The Ouroboros Proof of Stake (PoS) algorithm is arguably one of the essential parts of the protocol. The unique protocol has changed the way in which various network nodes achieve network consensus. Ouroboros itself has some historical significance as it was the first ever protocol to be used on a PoS algorithm which was efficient and secured.
PoS algorithms are rapidly becoming more popular than its predecessor, Proof of Work (PoW), mainly due to electricity concerns. Reports have confirmed that the PoW algorithm, as used in the bitcoin network, is costly and wasteful as a single bitcoin network transaction requires the same energy as 3.8 average American homes on a day. The mass electricity consumption, however, is essential for maintaining the bitcoin network. However, growing concerns over electric supplies and environmental concerns have encouraged researchers to create and implement more electricity efficient alternatives such as the Byzantine Fault Tolerant (BFT) as well as the PoS algorithm.
What is Proof of Stake?
PoS is a new method of approaching block creation. Traditionally, PoW algorithms used a lot of electricity so that a miner could crack certain complex algorithms to verify transactions. However, a PoS differs in that it enables a node to create a new block based on the nodes current amount of coins in their possession. Once a node demonstrates a positive stake, they are considered as stakeholders. In addition, once a node has successfully created a new block, they are referred to as slot leaders.
What is a slot Leader?
A slot leader is essential for creating new blocks on the blockchain and running the entire protocol. Slot leaders enjoy several responsibilities which include viewing transactions verified by other nodes, generate a block with a batch of transactions, assign every block with secret keys, and making it available on the network.
A slot leader is, in terms of functionality, comparable to a bitcoin miner, however, you have to be elected to become a slot leader.
The Difference Between Epochs and Slots
The Ouroboros protocol is different from others in its time measurement. The protocol divides the physical time into epochs and then subdivides those into slots.
A slot refers to a short period such as 20 seconds and has a single slot leader responsible for the specific slot. In turn, every slot leader is allowed to generate only a single block during their assigned slots.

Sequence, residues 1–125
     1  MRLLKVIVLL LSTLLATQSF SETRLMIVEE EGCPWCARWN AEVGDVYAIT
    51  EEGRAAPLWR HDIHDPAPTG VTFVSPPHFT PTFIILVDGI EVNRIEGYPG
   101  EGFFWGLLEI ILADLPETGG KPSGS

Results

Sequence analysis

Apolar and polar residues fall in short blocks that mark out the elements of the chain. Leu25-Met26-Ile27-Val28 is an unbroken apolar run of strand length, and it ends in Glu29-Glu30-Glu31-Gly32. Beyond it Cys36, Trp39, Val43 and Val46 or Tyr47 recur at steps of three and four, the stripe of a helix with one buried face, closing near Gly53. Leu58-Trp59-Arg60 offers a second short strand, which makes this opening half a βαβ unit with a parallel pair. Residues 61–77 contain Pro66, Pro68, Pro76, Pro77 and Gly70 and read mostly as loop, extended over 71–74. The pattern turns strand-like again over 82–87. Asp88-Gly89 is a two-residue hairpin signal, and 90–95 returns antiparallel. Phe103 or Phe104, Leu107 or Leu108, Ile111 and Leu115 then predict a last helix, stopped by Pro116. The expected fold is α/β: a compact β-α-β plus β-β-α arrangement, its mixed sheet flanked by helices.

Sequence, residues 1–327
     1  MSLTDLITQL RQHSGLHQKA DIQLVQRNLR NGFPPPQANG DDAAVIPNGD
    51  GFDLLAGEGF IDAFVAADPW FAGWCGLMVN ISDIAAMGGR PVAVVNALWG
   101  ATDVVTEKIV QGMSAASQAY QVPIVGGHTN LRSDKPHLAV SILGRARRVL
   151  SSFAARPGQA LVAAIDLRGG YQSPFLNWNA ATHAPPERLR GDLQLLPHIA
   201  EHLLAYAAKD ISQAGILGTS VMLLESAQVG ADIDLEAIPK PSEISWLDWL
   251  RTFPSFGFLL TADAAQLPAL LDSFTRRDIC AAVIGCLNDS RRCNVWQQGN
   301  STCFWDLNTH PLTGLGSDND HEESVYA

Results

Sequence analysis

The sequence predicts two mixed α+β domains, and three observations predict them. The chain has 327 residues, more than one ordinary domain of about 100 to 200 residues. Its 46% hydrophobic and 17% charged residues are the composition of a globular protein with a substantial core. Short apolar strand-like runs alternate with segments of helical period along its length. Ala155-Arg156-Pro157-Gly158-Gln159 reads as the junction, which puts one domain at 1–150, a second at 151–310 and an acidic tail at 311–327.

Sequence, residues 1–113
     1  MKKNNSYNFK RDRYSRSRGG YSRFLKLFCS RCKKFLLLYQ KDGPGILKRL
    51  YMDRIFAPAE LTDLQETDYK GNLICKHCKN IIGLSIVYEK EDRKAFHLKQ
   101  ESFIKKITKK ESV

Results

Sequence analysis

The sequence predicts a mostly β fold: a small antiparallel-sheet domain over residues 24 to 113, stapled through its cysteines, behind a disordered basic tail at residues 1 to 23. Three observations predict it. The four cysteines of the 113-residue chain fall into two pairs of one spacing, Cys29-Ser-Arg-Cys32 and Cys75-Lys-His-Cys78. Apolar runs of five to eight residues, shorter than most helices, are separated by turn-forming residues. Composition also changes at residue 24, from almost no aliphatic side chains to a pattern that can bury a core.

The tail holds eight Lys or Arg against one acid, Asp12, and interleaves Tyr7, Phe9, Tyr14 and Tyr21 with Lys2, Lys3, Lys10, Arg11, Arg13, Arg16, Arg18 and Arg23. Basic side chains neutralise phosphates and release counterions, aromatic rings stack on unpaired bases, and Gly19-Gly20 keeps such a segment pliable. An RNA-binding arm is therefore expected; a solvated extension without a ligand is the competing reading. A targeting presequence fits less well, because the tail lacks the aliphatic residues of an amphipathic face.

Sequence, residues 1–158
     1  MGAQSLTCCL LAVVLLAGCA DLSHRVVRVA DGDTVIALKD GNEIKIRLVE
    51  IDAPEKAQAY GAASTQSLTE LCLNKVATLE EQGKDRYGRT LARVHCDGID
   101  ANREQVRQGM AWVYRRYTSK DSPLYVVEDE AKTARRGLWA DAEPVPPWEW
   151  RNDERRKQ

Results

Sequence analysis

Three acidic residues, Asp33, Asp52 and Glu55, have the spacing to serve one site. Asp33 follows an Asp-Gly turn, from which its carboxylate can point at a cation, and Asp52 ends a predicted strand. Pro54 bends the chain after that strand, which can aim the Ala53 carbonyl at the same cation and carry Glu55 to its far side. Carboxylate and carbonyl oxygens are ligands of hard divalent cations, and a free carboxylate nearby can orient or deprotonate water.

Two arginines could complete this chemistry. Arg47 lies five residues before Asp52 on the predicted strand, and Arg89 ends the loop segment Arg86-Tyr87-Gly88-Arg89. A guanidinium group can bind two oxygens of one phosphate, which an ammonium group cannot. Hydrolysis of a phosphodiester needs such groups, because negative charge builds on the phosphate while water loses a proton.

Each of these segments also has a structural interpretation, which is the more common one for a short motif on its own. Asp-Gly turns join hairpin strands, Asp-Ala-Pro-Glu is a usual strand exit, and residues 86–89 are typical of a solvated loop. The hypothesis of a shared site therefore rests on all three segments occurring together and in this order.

This rule means that the number of slot leaders at any given time should be directly equal to the number of slots found in an epoch.
If a slot leader fails to generate a block during their slot, they forfeit the right to do so unless they are re-elected again to act as slot leader.
Slot Leader Elections
Slot leaders are chosen from a group of stakeholders on the network. However, not all stakeholders are considered eligible for electoral participation. Only the stakeholders with the most at stake (generally speaking the top 2%) are allowed to participate and are referred to as the electors.
During every epoch, an election is held to determine the slot leaders responsible for the next epoch. For example, while epoch A is taking place, the electors will determine the slot leaders for epoch A+1.
Theoretically speaking, any stakeholder can be elected to be a slot leader, however, the more stake a stakeholder has, the better their chances are of being elected.
The electoral system, however, is not without faults, as it is subject to bias. In order to address this, the Ouroboros protocol has introduced a multiparty computation (MCP) system in order to promote fairness and introduce some randomness.
The MCP system allows every elector to basically choose their preferred candidates by using a coin tossing technique. After concluding the process, electors share their results with the rest of the electoral committee. This sparks discussion amongst the committee until they have reached consensus on their new slot leaders.
Essentially, the Ouroboros protocol functions on the assumption known as the honest majority. The assumption holds that any major stakeholder owning a fair amount of the cryptocurrency is likely to be honest since they have obvious reasons for wanting the network to succeed. This diminished the occurrence of any adversary emerging on the network and ensures for a more robust blockchain in general.